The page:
The other noteworthy feature of this manifestation was its distinctly urban character. The incidents spread to all major metropolitan centres and significant numbers of the educated middle class were definitely among those who allowed themselves to be carried away. These two features make this case rather special; they should make us pause to reflect.

The ``phenomenon'' itself, as it was observed by hundreds of thousands round the country, has a clear explanation. When water or milk or any other fluid is taken in a spoon or a suitably shallow container, it is a well-known fact that the surface of the fluid is not flat but slightly curved. This is due to the phenomenon of surface tension, whereby the fluid tries to minimise its surface area. If a spoon is filled with milk or water and taken to the mouth of an idol, or indeed any statue, then it is natural that the upper lip on the idol will touch the surface. In the case of a Ganesa idol without a lip, the gap between the underside of the trunk and the face would be the place used, and again some portion of the idol will touch the fluid surface. When the surface is thus punctured, then the fluid has a chance to flow out.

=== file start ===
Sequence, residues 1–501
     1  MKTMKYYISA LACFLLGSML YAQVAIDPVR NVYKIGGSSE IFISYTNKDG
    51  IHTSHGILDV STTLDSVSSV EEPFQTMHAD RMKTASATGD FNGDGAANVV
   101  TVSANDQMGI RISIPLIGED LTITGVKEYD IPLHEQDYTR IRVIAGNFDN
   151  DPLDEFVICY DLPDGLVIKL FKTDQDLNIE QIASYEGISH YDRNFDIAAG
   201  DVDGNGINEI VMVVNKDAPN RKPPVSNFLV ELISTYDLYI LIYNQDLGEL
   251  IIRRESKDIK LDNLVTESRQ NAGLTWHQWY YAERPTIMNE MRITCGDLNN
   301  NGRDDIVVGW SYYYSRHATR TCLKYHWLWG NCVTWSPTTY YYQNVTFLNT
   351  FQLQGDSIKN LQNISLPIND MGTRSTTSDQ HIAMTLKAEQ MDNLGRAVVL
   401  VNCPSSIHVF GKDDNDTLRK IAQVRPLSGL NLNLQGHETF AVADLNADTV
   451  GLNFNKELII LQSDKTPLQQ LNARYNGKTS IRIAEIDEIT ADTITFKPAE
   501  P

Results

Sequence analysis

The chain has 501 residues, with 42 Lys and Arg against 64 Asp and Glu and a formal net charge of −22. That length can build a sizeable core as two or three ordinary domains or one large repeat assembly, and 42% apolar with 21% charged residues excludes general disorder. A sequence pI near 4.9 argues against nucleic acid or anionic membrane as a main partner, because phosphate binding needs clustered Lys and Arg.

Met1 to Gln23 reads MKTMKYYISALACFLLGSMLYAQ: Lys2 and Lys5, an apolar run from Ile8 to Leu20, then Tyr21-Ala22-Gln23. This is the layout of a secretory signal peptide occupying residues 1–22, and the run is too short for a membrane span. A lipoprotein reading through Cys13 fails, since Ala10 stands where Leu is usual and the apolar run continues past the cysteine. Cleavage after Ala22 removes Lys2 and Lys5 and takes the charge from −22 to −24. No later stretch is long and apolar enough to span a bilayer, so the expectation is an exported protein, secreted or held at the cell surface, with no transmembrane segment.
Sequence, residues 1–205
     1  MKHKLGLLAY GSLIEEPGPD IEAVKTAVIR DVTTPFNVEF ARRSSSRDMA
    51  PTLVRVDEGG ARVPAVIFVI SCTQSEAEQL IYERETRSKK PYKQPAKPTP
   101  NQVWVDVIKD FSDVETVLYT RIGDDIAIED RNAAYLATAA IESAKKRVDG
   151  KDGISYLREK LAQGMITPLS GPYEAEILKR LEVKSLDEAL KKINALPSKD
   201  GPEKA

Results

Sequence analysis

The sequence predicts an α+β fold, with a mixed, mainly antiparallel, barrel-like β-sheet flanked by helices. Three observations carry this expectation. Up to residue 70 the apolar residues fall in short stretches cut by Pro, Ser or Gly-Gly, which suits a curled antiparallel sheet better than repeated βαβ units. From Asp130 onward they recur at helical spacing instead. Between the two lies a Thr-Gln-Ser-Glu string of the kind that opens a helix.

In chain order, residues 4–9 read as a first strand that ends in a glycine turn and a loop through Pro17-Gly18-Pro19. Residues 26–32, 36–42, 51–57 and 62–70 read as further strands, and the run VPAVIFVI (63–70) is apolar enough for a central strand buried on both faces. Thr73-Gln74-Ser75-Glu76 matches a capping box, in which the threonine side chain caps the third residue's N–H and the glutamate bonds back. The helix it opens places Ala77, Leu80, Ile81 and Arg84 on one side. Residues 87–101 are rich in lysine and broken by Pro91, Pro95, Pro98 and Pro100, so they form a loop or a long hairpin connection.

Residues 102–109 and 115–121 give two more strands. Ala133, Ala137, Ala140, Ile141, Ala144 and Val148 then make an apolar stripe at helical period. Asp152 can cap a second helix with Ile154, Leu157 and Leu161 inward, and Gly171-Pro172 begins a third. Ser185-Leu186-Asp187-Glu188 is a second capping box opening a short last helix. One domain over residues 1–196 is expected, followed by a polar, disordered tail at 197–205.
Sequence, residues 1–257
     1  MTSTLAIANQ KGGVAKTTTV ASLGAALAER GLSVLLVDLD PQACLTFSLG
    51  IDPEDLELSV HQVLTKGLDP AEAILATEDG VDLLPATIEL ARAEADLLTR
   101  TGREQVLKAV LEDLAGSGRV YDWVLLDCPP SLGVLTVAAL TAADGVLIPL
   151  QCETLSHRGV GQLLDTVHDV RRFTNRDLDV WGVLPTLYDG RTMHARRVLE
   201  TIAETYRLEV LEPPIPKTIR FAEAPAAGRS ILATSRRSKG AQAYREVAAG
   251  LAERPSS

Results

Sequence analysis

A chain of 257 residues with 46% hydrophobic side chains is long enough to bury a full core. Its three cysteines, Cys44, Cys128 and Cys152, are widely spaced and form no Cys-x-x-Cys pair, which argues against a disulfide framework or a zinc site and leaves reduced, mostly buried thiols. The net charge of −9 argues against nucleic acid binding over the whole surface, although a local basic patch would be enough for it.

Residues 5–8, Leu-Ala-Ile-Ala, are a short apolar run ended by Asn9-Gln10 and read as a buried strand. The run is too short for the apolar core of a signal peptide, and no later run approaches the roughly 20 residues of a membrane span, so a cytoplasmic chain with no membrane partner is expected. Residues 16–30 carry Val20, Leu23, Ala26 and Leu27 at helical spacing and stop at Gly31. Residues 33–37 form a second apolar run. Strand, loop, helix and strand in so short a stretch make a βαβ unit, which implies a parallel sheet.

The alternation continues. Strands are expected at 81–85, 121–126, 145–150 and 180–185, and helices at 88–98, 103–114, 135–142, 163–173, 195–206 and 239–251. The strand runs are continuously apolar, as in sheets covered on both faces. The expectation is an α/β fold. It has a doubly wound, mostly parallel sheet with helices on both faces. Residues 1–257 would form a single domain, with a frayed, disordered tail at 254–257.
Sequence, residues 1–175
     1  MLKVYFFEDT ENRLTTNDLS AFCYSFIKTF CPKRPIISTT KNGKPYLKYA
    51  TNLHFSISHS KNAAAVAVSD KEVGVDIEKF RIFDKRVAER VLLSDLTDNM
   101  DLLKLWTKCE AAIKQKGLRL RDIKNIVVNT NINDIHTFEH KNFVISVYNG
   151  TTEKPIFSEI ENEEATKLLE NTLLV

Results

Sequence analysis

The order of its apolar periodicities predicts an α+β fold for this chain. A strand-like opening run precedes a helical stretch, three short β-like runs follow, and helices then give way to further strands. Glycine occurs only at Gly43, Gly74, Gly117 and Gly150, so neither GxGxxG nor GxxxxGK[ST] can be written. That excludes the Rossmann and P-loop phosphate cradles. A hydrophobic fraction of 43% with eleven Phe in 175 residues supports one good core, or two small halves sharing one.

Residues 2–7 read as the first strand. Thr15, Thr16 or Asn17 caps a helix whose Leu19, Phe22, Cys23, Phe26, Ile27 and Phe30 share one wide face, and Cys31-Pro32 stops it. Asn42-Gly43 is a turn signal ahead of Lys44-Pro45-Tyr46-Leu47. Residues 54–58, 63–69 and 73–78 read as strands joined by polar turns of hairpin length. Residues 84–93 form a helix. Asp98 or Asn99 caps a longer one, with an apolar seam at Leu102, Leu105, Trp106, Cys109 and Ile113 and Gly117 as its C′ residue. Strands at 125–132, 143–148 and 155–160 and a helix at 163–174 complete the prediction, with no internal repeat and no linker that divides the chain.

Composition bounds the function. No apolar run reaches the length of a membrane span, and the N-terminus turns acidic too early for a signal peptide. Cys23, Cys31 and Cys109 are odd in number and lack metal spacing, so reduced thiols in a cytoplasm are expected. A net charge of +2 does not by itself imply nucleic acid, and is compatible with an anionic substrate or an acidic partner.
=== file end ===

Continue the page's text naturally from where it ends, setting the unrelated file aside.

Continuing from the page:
What happens subsequently depends on other conditions. If the idol is wet, as is frequently the case, then the water on the idol and the milk in the spoon form one fluid body and the milk flows out along the channel created by the water. Having begun to flow out in this fashion, the milk may then disperse itself in the water on the surface of the idol (if the quantity of milk is very small and the surface of the idol suitably large) or simply flow down along one of the channels by which the water on the surface itself has flown down.